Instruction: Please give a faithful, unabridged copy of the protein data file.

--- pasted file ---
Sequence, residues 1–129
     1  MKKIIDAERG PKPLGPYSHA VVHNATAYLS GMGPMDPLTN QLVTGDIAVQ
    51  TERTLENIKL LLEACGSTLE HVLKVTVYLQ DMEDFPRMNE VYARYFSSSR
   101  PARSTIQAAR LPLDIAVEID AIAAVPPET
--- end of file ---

Sequence, residues 1–129
     1  MKKIIDAERG PKPLGPYSHA VVHNATAYLS GMGPMDPLTN QLVTGDIAVQ
    51  TERTLENIKL LLEACGSTLE HVLKVTVYLQ DMEDFPRMNE VYARYFSSSR
   101  PARSTIQAAR LPLDIAVEID AIAAVPPET